Research is an important part of our decision making process with treatments. Lack of evidence isn't something we can ignore, but it also is very common among our treatments. This doesn't make it all ok but rather highlights the need for further work. You might be surprised that extremely common treatments like ice, massage and stretching have a relatively poor evidence base. We've discussed the role of research in sport before on RunningPhysio and opened a bit of a can of worms! My hope is that perhaps we have a similar situation to that faced by acupuncture when it was first used in the UK. At that time there was little high quality evidence to support its use but since then research has developed and acupuncture has become a common treatment for pain and has been included in a number of clinical guidelines.
Alongside research we also use our clinical experience in deciding treatments. I've used KT to treat runners and non-runners and seen some excellent results. I've had patients describe it as 'miracle tape' after a host of other treatments proved ineffective and the tape immediately reduced their pain. KT has proved popular with physios and patients alike. It appears to last longer than Zinc Oxide tape, stays on better during sport and is often more comfortable. The day before Brighton Marathon this year I stood at the expo and worried why my knee was aching so much. It had been all week, so I strapped it with KT and ran the race. I had no pain at all during or after it. The tape stayed on for all 26.2 miles and still looked good. I've run with Zinx Oxide in the past and it fell off after 6 miles!
I feel the tape has its main role as a strategy to offload tissues that are healing or have been overloaded. Considering how common overuse injuries are in running it should, in theory, have great potential in treating runners. In this regard I use the tape more as a traditional taping technique than as recommended by the KT companies or to directly improve performance. Other clinicians have questioned whether a flexible taping is capable of offloading structures involved in weight bearing. I share their concerns but the flexible nature of the tape allows it to be applied under some stretch in a position where the target tissue is under minimal load. For example, when using it to offload the Achilles you tape with the ankle slightly plantarflexed (moved down towards the ground), this means the tape resists dorsiflexion, the upward movement which places greater stress on the tendon. Injured tissues are unlikely to benefit from being completely offloaded as we know some stress on tissues stimulates the healing process. Our aim is optimal loading for the target tissue, perhaps by reducing load by even a small amount it helps to achieve this level of loading.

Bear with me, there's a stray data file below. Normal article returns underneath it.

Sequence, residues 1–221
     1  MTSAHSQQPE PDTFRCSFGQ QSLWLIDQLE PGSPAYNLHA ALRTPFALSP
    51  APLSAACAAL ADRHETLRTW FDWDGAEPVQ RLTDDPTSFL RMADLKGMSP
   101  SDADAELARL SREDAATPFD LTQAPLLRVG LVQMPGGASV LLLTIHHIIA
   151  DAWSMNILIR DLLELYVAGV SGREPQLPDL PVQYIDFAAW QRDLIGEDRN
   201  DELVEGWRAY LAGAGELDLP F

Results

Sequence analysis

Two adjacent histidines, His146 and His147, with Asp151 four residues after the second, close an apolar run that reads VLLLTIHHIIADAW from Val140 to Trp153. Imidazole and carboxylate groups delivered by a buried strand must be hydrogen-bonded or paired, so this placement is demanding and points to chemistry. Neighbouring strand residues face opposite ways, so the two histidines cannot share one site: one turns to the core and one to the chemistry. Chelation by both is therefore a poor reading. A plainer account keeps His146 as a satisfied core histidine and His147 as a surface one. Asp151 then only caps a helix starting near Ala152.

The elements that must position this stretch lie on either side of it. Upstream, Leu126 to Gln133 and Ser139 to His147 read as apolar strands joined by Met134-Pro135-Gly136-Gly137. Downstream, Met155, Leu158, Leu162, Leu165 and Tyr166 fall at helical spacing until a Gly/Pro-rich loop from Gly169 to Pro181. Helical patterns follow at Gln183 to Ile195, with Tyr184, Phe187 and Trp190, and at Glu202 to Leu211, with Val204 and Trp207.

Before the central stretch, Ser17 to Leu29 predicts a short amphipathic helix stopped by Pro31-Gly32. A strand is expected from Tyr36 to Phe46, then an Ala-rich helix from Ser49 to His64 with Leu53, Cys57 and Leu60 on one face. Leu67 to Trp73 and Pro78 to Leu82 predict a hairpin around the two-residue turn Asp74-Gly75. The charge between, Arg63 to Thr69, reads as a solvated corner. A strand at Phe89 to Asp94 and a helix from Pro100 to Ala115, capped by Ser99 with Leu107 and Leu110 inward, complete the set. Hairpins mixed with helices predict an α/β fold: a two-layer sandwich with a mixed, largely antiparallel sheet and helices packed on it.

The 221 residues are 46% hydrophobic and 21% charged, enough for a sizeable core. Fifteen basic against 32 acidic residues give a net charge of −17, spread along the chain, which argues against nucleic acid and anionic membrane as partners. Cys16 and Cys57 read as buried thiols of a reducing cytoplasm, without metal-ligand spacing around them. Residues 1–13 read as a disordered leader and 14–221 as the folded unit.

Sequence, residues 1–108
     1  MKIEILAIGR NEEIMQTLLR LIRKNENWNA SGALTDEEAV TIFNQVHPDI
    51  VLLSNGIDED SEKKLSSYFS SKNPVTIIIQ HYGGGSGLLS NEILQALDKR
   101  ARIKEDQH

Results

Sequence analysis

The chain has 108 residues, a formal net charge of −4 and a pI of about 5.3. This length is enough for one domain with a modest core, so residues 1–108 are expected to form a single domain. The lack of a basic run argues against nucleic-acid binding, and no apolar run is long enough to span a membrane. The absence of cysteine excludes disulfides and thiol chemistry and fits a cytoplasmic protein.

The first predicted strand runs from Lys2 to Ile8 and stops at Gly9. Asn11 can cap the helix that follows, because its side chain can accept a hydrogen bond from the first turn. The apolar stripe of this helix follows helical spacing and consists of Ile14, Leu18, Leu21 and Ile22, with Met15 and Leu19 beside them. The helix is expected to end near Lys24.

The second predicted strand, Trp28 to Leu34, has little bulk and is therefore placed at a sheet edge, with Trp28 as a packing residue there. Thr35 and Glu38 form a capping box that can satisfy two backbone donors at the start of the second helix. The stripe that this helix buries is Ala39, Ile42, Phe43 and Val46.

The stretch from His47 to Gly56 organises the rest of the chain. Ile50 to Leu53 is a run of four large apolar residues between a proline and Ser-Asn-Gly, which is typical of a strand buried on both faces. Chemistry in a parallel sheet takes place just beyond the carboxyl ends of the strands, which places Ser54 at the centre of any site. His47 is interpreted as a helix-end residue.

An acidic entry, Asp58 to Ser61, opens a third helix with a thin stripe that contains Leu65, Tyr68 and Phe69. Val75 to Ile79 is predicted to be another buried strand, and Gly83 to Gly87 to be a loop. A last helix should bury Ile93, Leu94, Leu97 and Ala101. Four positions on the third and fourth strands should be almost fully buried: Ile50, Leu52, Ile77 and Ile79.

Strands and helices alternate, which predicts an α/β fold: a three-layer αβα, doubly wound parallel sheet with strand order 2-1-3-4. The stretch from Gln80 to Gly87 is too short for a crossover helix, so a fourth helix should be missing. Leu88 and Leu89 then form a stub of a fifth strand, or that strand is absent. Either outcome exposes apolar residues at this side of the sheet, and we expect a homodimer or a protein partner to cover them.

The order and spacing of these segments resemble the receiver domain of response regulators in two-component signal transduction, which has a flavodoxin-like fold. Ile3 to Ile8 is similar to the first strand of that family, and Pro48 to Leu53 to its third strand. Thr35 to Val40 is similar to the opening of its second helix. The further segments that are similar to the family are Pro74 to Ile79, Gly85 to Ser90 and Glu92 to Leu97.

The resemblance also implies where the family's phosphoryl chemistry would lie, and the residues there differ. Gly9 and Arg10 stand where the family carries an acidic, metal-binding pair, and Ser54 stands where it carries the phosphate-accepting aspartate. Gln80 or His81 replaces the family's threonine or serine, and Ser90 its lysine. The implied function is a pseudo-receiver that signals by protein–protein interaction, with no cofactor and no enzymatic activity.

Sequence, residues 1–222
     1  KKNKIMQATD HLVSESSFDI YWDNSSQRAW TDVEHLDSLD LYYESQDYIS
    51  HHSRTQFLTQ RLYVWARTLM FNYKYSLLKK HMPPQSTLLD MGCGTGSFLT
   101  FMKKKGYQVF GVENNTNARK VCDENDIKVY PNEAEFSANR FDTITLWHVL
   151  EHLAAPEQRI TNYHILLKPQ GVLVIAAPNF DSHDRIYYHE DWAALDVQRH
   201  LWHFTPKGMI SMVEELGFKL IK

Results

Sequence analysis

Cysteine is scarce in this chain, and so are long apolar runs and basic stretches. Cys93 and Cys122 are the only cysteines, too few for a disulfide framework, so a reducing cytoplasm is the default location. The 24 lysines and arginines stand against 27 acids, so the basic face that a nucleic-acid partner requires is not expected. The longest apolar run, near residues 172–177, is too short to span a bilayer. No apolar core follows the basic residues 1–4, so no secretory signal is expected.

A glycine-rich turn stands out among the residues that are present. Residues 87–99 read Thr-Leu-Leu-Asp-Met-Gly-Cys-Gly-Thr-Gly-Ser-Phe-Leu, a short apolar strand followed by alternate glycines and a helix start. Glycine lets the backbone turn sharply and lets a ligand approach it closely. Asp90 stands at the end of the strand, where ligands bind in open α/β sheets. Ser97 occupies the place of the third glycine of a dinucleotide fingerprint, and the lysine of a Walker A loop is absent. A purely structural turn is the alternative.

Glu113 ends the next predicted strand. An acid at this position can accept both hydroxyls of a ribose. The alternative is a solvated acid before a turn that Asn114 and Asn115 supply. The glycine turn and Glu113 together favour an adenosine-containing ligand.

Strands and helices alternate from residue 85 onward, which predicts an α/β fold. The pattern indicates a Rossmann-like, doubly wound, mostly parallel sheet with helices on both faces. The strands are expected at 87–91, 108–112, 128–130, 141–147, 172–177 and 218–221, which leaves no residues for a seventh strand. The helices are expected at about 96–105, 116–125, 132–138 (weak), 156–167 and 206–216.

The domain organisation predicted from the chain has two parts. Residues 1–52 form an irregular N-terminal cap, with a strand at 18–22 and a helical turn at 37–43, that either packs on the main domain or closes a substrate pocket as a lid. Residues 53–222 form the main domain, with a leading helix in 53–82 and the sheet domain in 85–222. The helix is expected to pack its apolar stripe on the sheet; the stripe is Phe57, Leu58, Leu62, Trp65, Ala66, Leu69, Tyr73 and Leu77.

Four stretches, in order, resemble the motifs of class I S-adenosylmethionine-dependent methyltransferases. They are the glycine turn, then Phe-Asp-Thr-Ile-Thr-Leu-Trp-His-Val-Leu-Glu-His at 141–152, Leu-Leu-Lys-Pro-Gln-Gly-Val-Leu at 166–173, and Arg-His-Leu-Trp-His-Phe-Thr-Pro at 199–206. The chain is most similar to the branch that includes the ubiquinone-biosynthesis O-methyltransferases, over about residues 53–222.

But sadly, my opinion, or anyone's for that matter, doesn't rank highly in terms of research evidence. You could even say my clear liking of the tape introduces an element of bias to the article! That said, I have done my best to present the research as I've found it.
My final thoughts are this; there is minimal high quality research to support the use of kinesio tape and no evidence that I'm aware of that it improves performance. In time this evidence base may develop and provide more guidance.
My recommendation is that kinesio tape can be used in the treatment of injury but should be used as part of a comprehensive treatment programme and not in isolation.
Oh and there is one other use for kinesio tape….